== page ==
Friday, October 29, 2004

That Buttiglione Imbroglio

Depending on who you listen to, the withdrawal of the European Commission candidates in the face of the Parliament's refusal to support them was either a shameful left-wing assault on religion (the Times went so far as to use the phrase "witch burning" yesterday) or "the birth of parliamentary democracy" in the EU. There are a couple of points that stand out to me.

The first is that the row about Buttiglione obscures the real concerns the Parliament had with some of the other commissioners. They also rejected Neelie Kroes, an impeccably liberal Dutch businesswoman, on the grounds that she was in a conflict of interest as Competition Commissioner. Looking through the list of her former directorships it's hard to disagree - practically every Dutch and quite a few other companies of substance are there. They also rejected the Latvian Ingrida Urbe as Taxation Commissioner. She is a Green, but a Eurosceptic Green, and they were dissatisfied with her statements about her own finances. They also threw back a Socialist, Laszlo Kovacs, who was proposed as Energy commissioner, on the grounds that he wasn't up to the job. In fact, the Parliament's ire seems to have been very fairly distributed across Europe - here goes a southern, Catholic conservative! Followed swiftly by a Protestant, northern economic liberal! Thrown out chiefly by the Liberal group! And a Baltic Green! And a Central European Socialist!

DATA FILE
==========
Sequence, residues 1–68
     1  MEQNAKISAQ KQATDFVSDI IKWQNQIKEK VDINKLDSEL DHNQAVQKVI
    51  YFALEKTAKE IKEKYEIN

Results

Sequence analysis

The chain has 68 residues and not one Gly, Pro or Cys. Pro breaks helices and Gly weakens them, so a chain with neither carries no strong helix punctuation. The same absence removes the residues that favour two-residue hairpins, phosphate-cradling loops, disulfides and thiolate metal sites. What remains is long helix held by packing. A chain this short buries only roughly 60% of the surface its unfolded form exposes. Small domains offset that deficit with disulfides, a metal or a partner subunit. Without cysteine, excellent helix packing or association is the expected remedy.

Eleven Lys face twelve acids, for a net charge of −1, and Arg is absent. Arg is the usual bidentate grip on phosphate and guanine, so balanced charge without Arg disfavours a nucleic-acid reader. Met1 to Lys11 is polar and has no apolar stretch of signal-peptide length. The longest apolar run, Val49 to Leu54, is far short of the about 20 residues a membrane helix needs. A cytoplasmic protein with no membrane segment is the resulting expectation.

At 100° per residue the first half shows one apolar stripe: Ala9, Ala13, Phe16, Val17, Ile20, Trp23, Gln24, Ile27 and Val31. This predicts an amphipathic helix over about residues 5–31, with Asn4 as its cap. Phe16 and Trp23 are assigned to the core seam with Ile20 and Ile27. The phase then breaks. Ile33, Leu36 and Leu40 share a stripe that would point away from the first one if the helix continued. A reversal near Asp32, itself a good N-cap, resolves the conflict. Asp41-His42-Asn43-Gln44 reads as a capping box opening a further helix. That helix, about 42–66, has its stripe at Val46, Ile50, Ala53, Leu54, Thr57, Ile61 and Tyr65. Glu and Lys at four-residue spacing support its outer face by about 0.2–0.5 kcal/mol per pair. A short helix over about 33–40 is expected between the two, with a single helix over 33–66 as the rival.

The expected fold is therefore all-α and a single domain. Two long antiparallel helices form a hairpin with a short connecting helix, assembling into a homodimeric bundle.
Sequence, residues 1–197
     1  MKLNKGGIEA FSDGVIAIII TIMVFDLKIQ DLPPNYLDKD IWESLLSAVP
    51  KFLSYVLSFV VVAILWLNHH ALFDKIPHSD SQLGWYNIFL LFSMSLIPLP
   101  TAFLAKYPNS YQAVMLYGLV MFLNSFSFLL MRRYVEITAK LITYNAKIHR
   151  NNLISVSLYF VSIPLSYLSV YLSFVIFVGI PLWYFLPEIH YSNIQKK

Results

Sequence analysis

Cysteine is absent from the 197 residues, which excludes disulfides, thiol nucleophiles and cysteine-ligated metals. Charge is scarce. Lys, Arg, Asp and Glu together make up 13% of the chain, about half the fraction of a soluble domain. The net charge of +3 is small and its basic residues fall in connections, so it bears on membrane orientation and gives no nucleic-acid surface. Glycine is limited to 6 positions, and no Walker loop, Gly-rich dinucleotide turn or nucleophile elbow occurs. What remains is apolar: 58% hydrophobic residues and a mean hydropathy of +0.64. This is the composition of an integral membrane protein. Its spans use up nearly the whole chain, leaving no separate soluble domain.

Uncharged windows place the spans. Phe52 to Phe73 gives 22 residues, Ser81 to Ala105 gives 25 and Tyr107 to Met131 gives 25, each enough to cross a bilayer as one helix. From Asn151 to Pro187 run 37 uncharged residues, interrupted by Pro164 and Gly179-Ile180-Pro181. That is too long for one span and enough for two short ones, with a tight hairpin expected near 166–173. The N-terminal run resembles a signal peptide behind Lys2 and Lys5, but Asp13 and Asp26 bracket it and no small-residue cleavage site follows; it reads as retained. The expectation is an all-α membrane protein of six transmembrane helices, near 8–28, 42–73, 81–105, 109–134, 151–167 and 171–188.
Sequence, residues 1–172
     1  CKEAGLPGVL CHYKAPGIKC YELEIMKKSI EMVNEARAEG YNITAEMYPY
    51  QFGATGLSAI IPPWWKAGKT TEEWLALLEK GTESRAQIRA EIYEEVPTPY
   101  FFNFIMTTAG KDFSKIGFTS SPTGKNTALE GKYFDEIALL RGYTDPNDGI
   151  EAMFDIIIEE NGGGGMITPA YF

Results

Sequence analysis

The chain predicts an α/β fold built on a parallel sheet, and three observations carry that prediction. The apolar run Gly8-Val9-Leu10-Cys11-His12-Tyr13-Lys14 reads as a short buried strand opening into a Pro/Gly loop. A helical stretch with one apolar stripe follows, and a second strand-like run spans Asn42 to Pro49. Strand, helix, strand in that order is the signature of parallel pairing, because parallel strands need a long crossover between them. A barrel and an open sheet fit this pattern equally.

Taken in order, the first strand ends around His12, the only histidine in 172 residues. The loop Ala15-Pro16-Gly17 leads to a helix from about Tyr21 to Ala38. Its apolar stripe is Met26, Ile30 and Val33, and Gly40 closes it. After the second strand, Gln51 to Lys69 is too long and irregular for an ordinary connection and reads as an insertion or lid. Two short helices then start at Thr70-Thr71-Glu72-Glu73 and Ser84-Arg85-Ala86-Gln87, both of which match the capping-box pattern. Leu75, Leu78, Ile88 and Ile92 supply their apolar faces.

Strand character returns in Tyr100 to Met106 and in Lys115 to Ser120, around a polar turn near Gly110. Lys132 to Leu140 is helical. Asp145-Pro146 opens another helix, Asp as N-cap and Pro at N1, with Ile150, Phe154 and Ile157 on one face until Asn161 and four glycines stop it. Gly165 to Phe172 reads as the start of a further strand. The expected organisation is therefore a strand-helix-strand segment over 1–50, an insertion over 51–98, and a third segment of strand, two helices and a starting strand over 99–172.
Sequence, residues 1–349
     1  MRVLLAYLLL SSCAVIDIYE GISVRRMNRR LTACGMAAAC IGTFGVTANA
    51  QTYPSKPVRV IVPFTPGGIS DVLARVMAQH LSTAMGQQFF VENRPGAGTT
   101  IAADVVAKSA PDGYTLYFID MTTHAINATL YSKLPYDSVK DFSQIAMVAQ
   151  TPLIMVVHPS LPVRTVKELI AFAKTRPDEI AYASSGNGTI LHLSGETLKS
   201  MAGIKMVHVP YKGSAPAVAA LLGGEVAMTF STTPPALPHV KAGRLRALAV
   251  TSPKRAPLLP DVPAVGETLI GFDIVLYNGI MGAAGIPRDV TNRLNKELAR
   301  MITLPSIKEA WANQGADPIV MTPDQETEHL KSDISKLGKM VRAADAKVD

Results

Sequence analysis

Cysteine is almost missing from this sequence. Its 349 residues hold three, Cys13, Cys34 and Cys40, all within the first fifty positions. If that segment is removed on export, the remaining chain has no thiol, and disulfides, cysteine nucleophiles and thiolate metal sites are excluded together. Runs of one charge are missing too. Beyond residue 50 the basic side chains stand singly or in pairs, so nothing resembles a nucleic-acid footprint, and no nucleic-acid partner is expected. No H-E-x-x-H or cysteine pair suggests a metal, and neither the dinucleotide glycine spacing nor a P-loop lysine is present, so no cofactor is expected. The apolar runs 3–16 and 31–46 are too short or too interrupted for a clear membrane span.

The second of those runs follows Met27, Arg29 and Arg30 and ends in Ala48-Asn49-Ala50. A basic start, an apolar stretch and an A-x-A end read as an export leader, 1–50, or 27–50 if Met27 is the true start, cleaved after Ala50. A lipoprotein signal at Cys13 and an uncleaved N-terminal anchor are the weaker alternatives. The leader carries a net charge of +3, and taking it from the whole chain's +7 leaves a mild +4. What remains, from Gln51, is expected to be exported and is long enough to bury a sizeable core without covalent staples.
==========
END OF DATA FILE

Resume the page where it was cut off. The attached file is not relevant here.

This kind of equal opportunity castigation is just what a parliament should look like. Appointments should never be made because they represent a constituency or faction. Neither should they be unmade. Instead, the parliament should be united in distaste. The "lefty witch hunt" loses even more cogency when you notice that 33 of the Liberals were in favour of the Commission and 11 British Conservatives out of 28 were against it. This was the real stuff, and it's almost a pity that Barroso chose to give in rather than force a vote.

Secondly, there are very good reasons for the EU to remain secular. The settlement between the member states and the organisation is based on a division of powers. One of the areas the EU does not touch on is the content of national constitutions. If we are going to have secular France, devout Poland, a UK whose Queen is head of a Protestant state religion, and perhaps Turkey, a secular state with a Muslim population, in the same Union, we have to seek the minimum on which agreement can be reached. The minimum, in this case, is also the best answer - keep religion out of the EU institutions entirely. If the central institutions take a turn towards militant secularity, this will be unacceptable to many of the member states. The same goes in the opposite direction. Only at the zero point is this issue stable.

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